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Rune Denstad Langlo • Director

“I like the rhythm of melancholy, then absurd humour, then melancholy again”


- Denstad Langlo uses his best of his documentary skills to make an “off-road” movie set against the stunning mountains of northern Norway

Rune  Denstad Langlo  • Director

Rune Denstad Langlo has been working since 1998 as producer on documentary films for Motlys Film. His first documentary was Too Much Norway, made in 2005 to commemorate Norway’s centenary. His second feature-length documentary 99% Honest was about hip-hop band United Minorities. North [+see also:
film review
interview: Rune Denstad Langlo
film profile
is his feature debut.

Cineuropa: North was the opening film of the Berlinale Panorama Special. How was the official screening?
Rune Denstad Langlo: It was absolutely great. I thought the cinema hall would have around 200 seats, but it was gigantic, the biggest cinema I had seen and it was full. The response was fantastic. People laughed and cried. There was a great feeling during the screening and a true connection with the audience.

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What was the starting point for North?
I first had the idea for the film four years ago when I was skiing. The film takes place in the area around Trondheim where I grew up. I was going through a bad period in my life, and in those circumstances, you often get ideas…I met with writer Erlend Loe who is very close to our production company, Motlys, and I convinced him to help me make it into a feature film.

On his journey up north, to be reunited with his former girlfriend and child, the lead character Jomar meets colourful characters. How did you write their stories and then find the actors?
The film is about Jomar meeting all those people and actually realizing that, although he acts strangely because of his depression, other people are even weirder. In northern Norway a lot of people live in isolation and have little interaction with other human beings. We called the film an “off-road movie”, as people in northern Norway don’t take the main roads.

When we wrote the script we just made up the characters as we went along. In terms of casting, because of my background as a documentary filmmaker, I enjoy working with non-professionals. Some of the characters were picked from the streets, others are friends or family. Some have theatre experience – like the young man Ulrik or the elderly Sami – but had never acted in a movie before. The lead, Anders Baasmo Christiansen, is an established actor but this is his biggest role yet. I tried to tell everybody, “It’s only a movie, let’s have fun”. That’s the best way to get the most out of people.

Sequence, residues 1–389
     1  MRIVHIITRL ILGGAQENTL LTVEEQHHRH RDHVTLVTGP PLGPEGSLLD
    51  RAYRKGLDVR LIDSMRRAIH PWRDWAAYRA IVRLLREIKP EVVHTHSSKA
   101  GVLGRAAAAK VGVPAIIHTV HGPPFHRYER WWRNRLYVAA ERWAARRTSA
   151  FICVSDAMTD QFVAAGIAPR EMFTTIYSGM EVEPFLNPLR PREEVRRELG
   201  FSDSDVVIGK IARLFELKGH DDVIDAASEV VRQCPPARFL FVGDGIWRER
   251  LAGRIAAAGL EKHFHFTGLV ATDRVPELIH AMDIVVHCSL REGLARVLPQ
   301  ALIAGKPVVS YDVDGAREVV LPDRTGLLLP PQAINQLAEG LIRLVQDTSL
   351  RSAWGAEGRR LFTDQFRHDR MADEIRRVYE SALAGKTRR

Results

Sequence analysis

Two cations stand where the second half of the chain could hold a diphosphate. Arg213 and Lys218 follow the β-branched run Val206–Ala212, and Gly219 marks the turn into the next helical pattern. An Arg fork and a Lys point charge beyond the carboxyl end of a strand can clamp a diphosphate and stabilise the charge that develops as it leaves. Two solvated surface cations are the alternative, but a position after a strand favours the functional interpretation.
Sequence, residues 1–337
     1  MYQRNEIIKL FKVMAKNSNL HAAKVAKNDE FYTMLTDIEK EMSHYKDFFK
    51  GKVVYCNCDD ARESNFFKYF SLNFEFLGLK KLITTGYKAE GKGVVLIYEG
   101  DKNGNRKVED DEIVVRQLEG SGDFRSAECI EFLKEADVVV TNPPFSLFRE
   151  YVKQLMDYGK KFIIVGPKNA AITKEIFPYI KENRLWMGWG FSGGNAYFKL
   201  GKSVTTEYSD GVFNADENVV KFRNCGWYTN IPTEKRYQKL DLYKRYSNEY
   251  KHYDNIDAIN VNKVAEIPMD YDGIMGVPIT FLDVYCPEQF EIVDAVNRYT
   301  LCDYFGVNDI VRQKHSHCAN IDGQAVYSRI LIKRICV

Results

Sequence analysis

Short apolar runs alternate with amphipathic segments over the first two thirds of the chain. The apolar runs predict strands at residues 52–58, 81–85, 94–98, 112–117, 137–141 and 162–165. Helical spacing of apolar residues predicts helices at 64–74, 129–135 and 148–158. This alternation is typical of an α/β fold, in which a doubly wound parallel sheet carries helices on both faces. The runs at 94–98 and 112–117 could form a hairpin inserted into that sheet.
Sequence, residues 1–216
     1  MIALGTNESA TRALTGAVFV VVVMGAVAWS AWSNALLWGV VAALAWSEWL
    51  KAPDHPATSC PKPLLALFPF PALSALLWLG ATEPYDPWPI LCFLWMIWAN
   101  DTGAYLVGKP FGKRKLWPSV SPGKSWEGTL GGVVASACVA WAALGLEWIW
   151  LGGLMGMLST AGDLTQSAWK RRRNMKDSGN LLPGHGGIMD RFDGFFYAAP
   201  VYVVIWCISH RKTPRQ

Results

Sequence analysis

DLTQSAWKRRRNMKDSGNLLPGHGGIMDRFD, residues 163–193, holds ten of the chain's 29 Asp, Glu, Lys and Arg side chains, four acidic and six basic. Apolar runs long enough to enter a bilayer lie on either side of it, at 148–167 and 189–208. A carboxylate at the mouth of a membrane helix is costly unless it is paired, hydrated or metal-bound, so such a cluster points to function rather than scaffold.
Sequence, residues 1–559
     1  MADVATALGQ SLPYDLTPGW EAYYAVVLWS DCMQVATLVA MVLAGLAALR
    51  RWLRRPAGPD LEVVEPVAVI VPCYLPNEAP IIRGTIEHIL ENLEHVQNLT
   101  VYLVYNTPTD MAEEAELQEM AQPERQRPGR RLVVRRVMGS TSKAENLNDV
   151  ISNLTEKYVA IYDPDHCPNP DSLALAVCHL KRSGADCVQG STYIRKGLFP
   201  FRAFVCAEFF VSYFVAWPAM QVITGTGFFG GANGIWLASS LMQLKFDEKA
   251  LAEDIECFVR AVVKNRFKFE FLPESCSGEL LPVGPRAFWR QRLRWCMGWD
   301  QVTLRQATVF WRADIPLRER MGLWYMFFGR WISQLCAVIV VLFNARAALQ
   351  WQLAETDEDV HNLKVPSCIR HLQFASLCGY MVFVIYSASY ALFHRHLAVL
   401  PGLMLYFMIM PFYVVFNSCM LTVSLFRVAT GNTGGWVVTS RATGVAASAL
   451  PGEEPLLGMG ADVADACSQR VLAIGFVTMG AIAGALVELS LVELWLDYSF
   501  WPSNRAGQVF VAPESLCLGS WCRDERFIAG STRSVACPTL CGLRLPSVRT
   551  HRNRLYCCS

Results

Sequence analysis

Is it again because of your documentary background that you used natural settings?
Yes, and for my next movie I want to work exactly the same way. I don’t like studios, professional actors. I don’t like big scenes, but intimate scenes with two or three people. I wanted North to stay as simple as possible, which is why I actually cut a lot of scenes that were in the script but that were kind of superfluous for the plot.

How difficult was it to shoot in extreme weather conditions?
It was a great experience. The experienced DoP Philip Øgaard (Kitchen Stories) was the first on my list. I was lucky because he really liked the script and said yes to the project even though I hadn’t made any features before. He was totally dedicated to making a good movie. That said, it was hard to work with the cold weather (-25 Celsius) and all the blizzards were real. We had to move the crew long distances in little time on snowmobiles.

Would you describe North as a comedy?
I wanted to have a melancholic feeling to the film. I’ve tried to capture that in my documentaries as well. I like the rhythm of melancholy, then absurd humour, then melancholy again

What road movies inspired you?
I really tried to follow the rules of road movies. I was inspired by David Lynch’s The Straight Story as well as Sean Penn’s Into the Wild. I already had the idea for North when I saw [the latter] and it made me confident that we had something special with North.

What’s next?
My next project Nater will be a small and intimate film about an 18 year-old girl, co-written again with Erlend Loe. It will be another absurdist comedy set in northern Norway. We learned a lot from North and want to make an even better film next time.

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